This picture highlights the problems when photographers start doing rather gimmicky projects like this imposing a false situation on their subjects. It might be art, though I think not particularly impressive as such, but it certainly isn’t photojournalism, and should have no place at all on the World Press Photo site, whose Instagram posts Mamo was given the opportunity to takeover for a week.

The guidelines to photographers who take on this responsibility remind them that they should present “quality visual journalism and storytelling’ and “present accurate, compelling and creative work allowing people to see the world freely.”

WPP reserves the right to step in and “edit a post or a photographer’s selection”, but chose not to do so, and instead gave what many of us feel a response which fails to support any clear idea of what photojournalism is or should be.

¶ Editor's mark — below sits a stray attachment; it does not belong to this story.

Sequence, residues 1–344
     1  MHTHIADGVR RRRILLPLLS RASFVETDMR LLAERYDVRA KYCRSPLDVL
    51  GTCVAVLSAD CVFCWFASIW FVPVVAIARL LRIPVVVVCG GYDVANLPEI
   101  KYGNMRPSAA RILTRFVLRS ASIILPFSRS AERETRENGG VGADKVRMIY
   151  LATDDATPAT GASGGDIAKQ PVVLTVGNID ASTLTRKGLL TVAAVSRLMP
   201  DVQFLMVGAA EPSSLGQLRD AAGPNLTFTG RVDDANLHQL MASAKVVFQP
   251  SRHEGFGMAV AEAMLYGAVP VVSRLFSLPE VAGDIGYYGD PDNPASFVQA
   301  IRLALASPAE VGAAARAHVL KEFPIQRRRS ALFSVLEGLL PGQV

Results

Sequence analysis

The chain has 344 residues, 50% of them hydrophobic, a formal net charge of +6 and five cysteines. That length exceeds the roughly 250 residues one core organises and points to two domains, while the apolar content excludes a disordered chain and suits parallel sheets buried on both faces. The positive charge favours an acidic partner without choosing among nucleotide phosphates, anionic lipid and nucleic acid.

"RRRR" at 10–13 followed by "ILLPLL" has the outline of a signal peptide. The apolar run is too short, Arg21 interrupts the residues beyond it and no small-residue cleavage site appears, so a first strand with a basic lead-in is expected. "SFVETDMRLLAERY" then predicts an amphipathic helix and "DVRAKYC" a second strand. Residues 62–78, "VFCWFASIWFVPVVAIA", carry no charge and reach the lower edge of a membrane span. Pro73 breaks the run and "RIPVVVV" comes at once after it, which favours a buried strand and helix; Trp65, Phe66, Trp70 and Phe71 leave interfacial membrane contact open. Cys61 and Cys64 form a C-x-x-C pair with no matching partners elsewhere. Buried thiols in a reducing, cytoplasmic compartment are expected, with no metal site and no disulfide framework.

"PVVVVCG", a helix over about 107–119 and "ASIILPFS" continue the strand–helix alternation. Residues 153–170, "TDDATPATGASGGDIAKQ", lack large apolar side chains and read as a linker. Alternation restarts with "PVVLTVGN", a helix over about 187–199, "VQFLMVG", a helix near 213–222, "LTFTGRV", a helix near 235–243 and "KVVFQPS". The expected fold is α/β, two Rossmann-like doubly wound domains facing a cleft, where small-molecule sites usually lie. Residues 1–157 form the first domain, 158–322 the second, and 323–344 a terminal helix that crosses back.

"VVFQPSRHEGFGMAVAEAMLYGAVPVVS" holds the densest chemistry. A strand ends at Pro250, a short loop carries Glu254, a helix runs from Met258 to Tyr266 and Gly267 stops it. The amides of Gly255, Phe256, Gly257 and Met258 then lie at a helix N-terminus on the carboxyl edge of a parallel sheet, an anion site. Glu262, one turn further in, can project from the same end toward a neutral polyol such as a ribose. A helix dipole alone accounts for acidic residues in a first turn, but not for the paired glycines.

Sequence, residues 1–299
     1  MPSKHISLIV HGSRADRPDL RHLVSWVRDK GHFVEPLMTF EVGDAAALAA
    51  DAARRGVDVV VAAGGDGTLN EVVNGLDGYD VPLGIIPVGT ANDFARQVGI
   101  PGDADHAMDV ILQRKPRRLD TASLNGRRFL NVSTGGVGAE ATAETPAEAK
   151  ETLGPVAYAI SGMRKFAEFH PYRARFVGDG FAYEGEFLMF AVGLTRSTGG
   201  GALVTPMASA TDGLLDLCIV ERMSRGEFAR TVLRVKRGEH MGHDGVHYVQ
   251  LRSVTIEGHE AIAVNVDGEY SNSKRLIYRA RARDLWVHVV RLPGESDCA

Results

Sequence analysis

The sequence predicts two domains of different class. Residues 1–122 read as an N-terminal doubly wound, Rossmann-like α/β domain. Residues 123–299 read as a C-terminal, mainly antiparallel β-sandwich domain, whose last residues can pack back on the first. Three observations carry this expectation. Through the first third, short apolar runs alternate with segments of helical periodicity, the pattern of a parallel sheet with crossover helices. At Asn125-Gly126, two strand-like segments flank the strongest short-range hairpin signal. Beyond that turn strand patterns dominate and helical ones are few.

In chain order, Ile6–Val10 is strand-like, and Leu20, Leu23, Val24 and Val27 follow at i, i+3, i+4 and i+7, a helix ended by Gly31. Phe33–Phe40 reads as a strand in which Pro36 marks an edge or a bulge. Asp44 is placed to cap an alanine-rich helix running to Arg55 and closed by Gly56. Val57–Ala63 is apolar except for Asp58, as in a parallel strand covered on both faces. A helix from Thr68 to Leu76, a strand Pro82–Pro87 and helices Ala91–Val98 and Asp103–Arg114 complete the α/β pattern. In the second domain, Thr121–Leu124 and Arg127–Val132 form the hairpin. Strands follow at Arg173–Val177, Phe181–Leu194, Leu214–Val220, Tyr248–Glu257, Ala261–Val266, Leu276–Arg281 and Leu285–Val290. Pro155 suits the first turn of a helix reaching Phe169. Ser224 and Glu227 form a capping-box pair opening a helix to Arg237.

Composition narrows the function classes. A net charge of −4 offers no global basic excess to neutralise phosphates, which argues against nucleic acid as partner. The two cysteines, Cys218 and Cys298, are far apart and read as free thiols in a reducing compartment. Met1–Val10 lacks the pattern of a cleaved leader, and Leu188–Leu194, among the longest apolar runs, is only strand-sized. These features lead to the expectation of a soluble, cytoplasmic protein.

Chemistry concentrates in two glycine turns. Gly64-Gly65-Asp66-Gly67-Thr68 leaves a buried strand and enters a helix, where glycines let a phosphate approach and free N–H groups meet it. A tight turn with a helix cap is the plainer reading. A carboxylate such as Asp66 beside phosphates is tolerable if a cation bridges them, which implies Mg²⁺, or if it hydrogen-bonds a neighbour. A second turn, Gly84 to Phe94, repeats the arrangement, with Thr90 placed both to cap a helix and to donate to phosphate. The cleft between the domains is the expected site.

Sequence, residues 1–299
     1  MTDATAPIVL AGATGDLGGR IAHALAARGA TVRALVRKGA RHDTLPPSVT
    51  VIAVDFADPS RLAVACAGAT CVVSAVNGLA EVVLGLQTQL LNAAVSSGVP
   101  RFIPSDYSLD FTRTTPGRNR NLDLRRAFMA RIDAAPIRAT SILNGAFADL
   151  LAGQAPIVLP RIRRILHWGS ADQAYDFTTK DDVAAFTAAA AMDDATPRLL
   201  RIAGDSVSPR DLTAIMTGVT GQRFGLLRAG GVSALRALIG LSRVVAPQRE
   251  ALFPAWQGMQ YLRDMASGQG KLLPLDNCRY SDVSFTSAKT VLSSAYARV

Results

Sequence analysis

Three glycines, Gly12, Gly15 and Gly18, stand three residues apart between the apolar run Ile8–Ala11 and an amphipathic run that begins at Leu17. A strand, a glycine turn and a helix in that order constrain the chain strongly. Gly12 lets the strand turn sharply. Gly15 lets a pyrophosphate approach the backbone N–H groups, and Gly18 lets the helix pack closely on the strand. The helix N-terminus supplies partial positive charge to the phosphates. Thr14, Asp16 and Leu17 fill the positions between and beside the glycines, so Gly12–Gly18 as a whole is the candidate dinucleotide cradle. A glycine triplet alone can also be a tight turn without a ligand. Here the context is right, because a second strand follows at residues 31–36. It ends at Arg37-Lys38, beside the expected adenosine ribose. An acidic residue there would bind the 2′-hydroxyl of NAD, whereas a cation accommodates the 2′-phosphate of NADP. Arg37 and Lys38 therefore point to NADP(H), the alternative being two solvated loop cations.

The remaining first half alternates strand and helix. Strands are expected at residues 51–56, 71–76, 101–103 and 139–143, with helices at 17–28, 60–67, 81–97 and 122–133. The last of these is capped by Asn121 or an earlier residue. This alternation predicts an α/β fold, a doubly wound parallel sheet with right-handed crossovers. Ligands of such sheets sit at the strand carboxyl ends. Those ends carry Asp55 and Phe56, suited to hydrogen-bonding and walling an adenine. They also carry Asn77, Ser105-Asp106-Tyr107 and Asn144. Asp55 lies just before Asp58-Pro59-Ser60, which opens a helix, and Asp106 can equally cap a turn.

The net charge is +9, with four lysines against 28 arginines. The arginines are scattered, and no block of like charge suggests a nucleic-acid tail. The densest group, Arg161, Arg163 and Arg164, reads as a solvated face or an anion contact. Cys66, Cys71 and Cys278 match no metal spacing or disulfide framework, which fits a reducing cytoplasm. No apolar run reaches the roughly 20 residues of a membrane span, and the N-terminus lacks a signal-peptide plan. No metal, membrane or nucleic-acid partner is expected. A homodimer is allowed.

The area into which these pictures fall is certainly not photojournalism, but rather more that of advertising, with Mamo thinking like an art director trying to sell a product to an audience than allowing “people to see the world freely”.

There have been so many comments on this work already made – with large collections of them on various web sites including Scroll and PetaPixel. For a couple more opinions you could read Allen Murabayashi of PhotoShelter and Yamini Pustake Bhalerao on ShethePeople.

Grenfell – another month

Monday, July 23rd, 2018

Very little progress appears to have been made in finding homes for those displaced by the terrible fire at Grenfell Tower, and in April little or no progress appeared to have been made in the official investigations, either by police or others. There seems to have been a great deal of deliberate delay, one of the usual tactics of the establishment under threat, giving time for that grass to grow long.